- Emma Simmonds
- 4 June 2018
Sundance London 2018: A never-better Ethan Hawke is the star of Paul Schrader's incendiary drama
The screenwriter of Taxi Driver and Raging Bull, Paul Schrader, makes a triumphant return to form following notorious travesty The Canyons and a couple of ignominious Nic Cage vehicles. With First Reformed, which he writes and directs, he once again dives deep into the tortured male psyche, drawing a career-best performance from Ethan Hawke in the process.
Hawke plays Reverend Toller, an ailing priest caring for the dwindling congregation of the First Reformed Church in upstate New York – less a place of prayer, more an immaculately-preserved tourist destination. Its activities and upcoming 250th anniversary celebration are overseen by charismatic head pastor Joel Jeffers (Cedric Kyles), whose own megachurch, Abundant Life, attracts both youthful worshippers and corporate cash.
Toller is experimenting with writing a journal and his philosophical and sometimes brutally honest reflections punctuate the narrative. Self-medicating with alcohol and shouldering the guilt associated with the death of his adult son, he is also troubled by the plight of parishioner Michael (Philip Ettinger) – a young man whose environmental activism has led him into a crippling despair, to the considerable concern of his pregnant wife Mary (Amanda Seyfried). Michael's righteous cause resonates with Toller, who has become disenchanted with the church's direction and affiliations.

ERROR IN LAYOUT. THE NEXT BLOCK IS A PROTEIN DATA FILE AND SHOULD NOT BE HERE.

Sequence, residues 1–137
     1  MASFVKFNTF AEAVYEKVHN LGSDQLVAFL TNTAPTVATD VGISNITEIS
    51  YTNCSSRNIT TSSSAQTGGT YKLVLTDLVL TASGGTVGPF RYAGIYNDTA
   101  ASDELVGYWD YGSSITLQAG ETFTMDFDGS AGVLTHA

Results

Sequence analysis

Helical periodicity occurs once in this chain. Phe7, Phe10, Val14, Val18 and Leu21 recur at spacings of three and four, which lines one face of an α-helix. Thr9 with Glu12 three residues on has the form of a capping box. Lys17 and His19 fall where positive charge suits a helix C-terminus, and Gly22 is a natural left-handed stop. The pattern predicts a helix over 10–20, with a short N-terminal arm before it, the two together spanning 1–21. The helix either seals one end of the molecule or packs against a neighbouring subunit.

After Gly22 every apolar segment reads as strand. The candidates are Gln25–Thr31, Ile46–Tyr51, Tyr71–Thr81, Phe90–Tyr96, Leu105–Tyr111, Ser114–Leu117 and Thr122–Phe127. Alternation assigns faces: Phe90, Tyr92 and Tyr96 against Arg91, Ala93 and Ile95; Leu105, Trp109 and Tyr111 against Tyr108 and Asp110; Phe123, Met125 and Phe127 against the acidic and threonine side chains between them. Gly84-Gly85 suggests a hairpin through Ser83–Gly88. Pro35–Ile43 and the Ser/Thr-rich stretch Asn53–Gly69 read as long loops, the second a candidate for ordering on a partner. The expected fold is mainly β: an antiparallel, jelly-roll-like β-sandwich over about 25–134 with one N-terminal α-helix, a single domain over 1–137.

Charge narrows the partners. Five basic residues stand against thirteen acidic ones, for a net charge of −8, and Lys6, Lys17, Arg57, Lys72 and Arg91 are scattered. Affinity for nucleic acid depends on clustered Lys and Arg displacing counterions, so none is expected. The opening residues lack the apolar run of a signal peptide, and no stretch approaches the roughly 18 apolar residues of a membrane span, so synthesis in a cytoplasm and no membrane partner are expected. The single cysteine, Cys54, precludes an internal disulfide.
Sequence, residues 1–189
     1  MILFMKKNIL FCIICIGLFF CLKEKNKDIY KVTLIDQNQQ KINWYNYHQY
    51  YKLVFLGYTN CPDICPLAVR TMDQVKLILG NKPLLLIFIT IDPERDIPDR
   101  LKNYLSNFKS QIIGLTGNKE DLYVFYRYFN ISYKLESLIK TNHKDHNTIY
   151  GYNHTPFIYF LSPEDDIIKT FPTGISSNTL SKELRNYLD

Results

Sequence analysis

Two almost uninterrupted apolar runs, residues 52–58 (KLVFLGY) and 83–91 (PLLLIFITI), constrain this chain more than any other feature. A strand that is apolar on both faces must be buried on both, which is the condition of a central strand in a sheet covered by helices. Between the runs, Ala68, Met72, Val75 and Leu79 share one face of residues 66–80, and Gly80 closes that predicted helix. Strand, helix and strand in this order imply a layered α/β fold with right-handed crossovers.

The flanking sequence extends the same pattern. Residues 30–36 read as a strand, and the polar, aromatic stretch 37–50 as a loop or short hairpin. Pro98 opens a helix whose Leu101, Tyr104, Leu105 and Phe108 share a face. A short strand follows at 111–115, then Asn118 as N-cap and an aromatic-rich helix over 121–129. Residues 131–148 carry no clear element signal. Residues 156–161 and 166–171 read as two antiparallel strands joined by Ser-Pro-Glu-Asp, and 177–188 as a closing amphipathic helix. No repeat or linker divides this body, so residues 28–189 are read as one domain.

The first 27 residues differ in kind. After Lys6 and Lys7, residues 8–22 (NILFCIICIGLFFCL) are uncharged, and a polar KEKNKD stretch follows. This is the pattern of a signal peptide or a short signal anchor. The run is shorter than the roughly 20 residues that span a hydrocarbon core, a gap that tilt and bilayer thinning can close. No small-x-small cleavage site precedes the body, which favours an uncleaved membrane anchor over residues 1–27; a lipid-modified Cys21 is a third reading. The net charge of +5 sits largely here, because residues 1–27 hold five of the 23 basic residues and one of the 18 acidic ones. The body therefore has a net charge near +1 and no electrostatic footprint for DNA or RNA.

A sense of foreboding pervades but First Reformed is far from heavy-handed in its execution, with Hawke's increasingly anxious performance dictating the uneasy tone. The static, meticulously composed cinematography sees the perfect frontage of homes and churches hide a multitude of sin, turmoil and hypocrisy.
The awkwardness and agony of the human experience is crisply captured and relayed with almost matter-of-fact precision by a greying and deeply lined Hawke, embracing and perhaps even exaggerating his age. He plays Toller with pursed lips and a strained smile, as a man who struggles to enjoy a joke, or be truly at ease with people, but whose frustrations are highly sympathetic. Despite the provocative imagery and subject matter, First Reformed is a film that revels in its solemnity and speaks with a furious sincerity.
Screened as part of Sundance London 2018. General release from Fri 13 Jul.